Celebrating the Wellin’s 10th Anniversary
By Miriam Lerner
The Ruth and Elmer Wellin Museum of Art was founded in 2012 as a teaching museum, meant to encourage and provide access to its wideranging collection of art, artifacts, and objects. Throughout its ten years , the Wellin Museum has acquired 2,000 objects, hosted 31 visiting artists and curators, toured 528 Hamilton classes, and mounted 35 exhibitions. Though the number of objects is spectacular, each item was selected carefully as a teaching tool and as a meaningful addition to the permanent collection. In similar fashion, the Wellin both learns from and contributes to the visiting artists it hosts. Rather than serving simply a transactional role, the Wellin becomes a part of each artist’s story, “supporting, collaborating and growing their talent” (Interview with Tracy Adler, 09/20/22). The museum launched its student docent program in 2013, which provides the opportunity for Hamilton students to give tours, interact directly with visiting artists, plan events for their peers, and even develop new initiatives (including this magazine). Most fundamentally, it has provided a space for the Hamilton community to explore the world of art and its expansive possibilities.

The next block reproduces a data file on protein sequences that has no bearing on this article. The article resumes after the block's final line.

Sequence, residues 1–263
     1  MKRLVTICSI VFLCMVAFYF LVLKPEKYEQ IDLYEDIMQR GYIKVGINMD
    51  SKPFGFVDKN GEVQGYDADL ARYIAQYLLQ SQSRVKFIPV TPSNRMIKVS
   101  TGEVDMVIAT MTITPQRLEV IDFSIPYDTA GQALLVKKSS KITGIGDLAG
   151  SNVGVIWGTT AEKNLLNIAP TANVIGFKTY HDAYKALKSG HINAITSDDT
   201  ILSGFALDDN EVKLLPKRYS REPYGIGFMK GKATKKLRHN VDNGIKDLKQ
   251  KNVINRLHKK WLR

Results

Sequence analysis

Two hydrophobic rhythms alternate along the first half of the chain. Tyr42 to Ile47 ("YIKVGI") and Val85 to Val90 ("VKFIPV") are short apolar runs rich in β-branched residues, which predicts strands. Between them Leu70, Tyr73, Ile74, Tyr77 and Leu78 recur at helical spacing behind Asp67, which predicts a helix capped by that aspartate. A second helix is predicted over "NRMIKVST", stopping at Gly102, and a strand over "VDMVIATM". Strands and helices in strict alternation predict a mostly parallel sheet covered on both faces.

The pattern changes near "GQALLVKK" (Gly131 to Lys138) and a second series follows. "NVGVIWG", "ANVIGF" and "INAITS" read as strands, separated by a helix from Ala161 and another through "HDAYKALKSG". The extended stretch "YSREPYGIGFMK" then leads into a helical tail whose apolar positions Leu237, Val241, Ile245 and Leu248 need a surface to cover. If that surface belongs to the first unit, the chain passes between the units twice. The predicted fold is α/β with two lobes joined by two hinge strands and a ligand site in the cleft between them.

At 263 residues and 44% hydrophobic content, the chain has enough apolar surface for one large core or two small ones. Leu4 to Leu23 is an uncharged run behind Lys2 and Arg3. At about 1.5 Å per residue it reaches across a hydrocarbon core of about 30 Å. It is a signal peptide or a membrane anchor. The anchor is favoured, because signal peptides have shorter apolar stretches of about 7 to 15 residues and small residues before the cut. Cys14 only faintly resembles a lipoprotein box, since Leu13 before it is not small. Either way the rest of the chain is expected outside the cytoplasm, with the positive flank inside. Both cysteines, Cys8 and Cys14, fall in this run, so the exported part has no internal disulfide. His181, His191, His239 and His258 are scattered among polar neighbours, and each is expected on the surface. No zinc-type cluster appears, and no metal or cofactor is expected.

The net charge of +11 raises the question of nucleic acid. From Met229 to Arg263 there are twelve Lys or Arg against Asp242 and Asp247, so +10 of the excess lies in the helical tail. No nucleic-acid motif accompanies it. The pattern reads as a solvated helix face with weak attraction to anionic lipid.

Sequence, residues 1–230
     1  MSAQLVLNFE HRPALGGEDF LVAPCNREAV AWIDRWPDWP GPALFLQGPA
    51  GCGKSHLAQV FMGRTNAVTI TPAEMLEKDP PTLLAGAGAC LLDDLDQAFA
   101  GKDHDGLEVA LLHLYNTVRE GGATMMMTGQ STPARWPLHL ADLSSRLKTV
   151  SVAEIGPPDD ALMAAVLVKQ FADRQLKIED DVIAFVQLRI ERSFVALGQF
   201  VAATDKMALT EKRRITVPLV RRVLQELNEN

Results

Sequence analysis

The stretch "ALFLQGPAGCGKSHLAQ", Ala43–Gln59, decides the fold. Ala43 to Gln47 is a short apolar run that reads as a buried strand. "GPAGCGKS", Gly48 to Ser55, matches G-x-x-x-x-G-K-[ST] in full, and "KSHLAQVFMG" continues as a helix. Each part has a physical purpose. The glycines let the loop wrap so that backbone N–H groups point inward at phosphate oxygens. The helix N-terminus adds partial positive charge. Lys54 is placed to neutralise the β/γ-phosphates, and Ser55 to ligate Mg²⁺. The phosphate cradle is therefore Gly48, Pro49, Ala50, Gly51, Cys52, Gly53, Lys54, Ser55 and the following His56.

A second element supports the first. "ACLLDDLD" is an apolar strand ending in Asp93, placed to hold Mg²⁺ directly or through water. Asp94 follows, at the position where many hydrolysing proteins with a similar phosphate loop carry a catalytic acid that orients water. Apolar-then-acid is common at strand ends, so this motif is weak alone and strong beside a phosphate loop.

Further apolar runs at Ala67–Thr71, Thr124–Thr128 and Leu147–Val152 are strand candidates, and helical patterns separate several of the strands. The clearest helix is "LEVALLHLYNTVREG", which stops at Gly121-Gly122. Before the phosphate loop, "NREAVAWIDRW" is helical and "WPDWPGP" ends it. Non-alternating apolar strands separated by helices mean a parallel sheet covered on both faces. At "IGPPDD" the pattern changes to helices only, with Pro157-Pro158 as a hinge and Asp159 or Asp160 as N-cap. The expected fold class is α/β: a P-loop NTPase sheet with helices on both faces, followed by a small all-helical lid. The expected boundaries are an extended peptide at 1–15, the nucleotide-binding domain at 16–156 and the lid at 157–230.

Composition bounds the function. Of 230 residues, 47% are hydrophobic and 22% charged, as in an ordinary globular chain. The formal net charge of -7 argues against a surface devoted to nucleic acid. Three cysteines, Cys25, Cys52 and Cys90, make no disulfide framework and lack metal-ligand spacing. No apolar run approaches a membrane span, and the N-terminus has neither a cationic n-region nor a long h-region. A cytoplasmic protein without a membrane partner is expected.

This year’s exhibition: Dialogues Across Disciplines: Building a Teaching Collection at the Wellin Museum of Art serves as a multifaceted representation of the Wellin’s collection, its purpose, and its approach. All together, it highlights 146 works of art, including photography, prints, paintings, sculptures, and video, as well as works of art that incorporate multiple mediums. It also encompasses artworks from each of the past solo exhibitions, including works by Yashua Klos, Elias Sime, Julia Jacquette, Michael Rakowitz, and Yun-Fei Ji. In order to put together such an immense exhibition, Johnson-Pote Director Tracy Adler and Assistant Curator of Exhibitions and Academic Outreach Alexander Jarman worked tirelessly and collaboratively to assemble a cohesive selection of the Wellin’s permanent collection, taking into account the items frequently requested by students and faculty, as well as the artworks most significant to the Wellin’s story. Certain artworks chosen were donated or created by alumni, exemplifying the impact of the museum throughout its first ten years. The ensemble of artworks included in the exhibition were chosen to be representative of the collection as a whole. Overall, the exhibition displays the immense breadth of the Wellin’s perma nent collection, and exhibits the fundamental qualities of the museum’s mission.